Leading pony producer and judge, Julie Templeton, on low class numbers, entry problems and judge bashing
AS several of my fellow H&H columnists have mentioned this year, the numbers forward in classes at shows have been sporadic and even poor at times. But what’s caused this drastic drop in entry numbers? I feel we have too many shows running concurrently, which ultimately waters down the competition and leaves some shows unable to cover their costs.
With a swamped show calendar throughout the season, the only way to try to boost numbers going forward is more careful distribution of the Royal International Horse Show (RIHS) qualifiers. The allocation of these tickets should be looked at on both a date and geographical basis.
My other concern is that we have very few new people coming into the sport of showing, and I ponder why. However, on a more positive note, at UK Ponies and Horses, we have seen an upsurge in amateur registrations this season. These class numbers are bigger than ever before. I cannot pinpoint why this distinct change has occurred, but perhaps it’s a result of people having their animals at home during lockdown and being encouraged to produce them from home themselves.
Regardless of the reason, we are delighted to welcome true amateur riders and their animals to compete in our qualifiers and to provide
them with the opportunity potentially to ride at the prestigious RIHS final at Hickstead later in the year.
Infuriating entry systems
A PERSONAL irritation of mine is the current entry systems adopted by many of the major shows. Why, in the age of technology when you can enter a show at the click of a button, do some shows still have a closing date several months before the date the show is set to run?
Horse of the Year Show introduced the ID system – whereby you register yourself and your horse onto the system and you’re provided with a unique identification number – a few years ago, to make entering easier. Yet on entering a show the other day, I was asked to input each pony’s passport and microchip numbers as well as a five-year-old rider’s email address, instead of just inputting the ID numbers and basic information.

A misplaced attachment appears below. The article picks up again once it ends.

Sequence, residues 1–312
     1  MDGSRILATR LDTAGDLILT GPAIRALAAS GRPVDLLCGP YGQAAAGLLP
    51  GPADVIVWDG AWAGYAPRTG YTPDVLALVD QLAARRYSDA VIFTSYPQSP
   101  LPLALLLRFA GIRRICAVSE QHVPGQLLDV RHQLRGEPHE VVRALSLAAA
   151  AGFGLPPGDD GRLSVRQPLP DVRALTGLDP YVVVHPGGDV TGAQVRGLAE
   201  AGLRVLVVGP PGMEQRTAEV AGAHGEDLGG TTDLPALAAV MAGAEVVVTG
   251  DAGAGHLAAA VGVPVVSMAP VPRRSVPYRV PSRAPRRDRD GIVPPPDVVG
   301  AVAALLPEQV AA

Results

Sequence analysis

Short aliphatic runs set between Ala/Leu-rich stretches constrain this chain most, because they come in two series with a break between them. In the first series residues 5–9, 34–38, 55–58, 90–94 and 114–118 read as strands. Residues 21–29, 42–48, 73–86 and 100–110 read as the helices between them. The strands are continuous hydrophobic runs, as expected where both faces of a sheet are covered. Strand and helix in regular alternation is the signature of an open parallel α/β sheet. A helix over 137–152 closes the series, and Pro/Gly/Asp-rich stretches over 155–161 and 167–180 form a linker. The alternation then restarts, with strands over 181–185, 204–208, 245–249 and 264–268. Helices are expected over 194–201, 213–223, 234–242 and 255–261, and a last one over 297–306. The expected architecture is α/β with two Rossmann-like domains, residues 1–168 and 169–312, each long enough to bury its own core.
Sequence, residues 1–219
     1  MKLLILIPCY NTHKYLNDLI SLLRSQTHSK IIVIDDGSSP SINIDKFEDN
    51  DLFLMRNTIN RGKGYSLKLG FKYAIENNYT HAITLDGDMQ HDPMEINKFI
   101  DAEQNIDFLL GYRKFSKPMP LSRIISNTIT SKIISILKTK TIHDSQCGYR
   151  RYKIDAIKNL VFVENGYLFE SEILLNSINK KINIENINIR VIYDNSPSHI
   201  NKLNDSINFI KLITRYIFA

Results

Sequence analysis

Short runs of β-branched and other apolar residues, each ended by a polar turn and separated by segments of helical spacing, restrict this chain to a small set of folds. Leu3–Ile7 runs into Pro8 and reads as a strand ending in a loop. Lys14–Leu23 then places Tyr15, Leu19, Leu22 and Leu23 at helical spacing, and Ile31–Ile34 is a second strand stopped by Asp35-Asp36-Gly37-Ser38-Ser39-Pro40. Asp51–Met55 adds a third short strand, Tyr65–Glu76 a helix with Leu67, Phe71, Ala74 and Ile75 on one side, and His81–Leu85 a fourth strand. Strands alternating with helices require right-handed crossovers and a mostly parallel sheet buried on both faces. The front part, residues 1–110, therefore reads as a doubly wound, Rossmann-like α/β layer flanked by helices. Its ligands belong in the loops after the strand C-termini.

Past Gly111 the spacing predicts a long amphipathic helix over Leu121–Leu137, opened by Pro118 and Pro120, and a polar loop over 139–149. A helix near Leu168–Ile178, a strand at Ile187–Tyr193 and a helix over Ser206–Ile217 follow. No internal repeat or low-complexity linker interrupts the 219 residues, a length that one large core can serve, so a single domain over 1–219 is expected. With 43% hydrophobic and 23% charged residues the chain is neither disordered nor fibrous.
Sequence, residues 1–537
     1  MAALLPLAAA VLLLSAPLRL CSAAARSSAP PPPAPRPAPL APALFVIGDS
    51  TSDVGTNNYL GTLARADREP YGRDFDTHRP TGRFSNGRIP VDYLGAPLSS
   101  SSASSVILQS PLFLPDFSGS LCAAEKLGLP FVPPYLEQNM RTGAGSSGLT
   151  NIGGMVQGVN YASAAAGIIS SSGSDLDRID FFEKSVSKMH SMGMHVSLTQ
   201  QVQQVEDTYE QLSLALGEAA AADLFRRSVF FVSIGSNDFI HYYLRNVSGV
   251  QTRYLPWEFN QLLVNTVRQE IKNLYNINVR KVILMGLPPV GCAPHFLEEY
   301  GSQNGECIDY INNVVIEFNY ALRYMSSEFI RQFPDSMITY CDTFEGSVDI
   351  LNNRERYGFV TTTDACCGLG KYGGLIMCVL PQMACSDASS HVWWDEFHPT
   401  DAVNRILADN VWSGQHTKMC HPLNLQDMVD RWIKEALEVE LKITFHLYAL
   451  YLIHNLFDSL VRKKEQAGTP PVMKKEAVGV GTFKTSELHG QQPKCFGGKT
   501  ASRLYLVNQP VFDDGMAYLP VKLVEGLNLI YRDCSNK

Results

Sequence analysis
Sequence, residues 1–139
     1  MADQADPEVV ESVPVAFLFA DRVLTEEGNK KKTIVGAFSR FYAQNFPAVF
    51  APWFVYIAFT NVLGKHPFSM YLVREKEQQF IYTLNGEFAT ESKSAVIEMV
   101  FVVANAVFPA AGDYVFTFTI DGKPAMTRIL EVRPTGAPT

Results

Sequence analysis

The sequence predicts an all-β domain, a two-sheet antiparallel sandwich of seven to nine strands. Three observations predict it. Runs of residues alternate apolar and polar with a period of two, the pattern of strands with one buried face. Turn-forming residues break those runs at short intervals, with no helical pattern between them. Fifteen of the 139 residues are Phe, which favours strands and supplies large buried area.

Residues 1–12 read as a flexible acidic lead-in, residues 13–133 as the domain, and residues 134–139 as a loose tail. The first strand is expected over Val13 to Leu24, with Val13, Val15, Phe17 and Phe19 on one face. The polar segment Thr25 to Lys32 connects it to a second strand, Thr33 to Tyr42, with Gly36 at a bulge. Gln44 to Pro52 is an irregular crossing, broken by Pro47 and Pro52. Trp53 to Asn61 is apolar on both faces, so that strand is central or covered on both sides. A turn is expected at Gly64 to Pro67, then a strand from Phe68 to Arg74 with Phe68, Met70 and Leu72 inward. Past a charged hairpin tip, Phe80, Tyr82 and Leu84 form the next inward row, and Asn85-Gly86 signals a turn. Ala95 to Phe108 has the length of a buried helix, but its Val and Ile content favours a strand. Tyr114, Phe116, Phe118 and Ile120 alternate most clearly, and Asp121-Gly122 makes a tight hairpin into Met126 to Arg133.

The whole process is laborious and it seems unnecessary, especially when we spend time creating ID numbers for riders and ponies which supposedly provides all this information.
“It’s appalling behaviour”
FINALLY, I have heard some disturbing reports of judge intimidation recently, which is absolutely appalling behaviour. Without our professional judges, we would not have a sport in which to compete. They give up their time and expertise freely, and no matter how much you may personally disagree with their decisions, it is after all their opinion on that specific day.
I have always had a policy that if I don’t agree with a certain judge’s decision, I take my thoughts back to the privacy of my own wagon and then make the decision over whether or not I wish to show under that individual again.
Every member of the showing community, regardless of stature, should be treated with respect and a kindness that they would expect to receive back. I encourage all competitors to take this into consideration when they’re next at a show.
• Have you had difficulty entering certain shows this year? Write to us at email@example.com to let us know your thoughts
- This exclusive column will also be available to read in Horse & Hound magazine, on sale Thursday 2 June (NB: Delivery of subscriber copies may be delayed this week due to the effects of the Platinum Jubilee bank holiday on the postal service. We apologise in advance for any delays experienced by our subscribers.)
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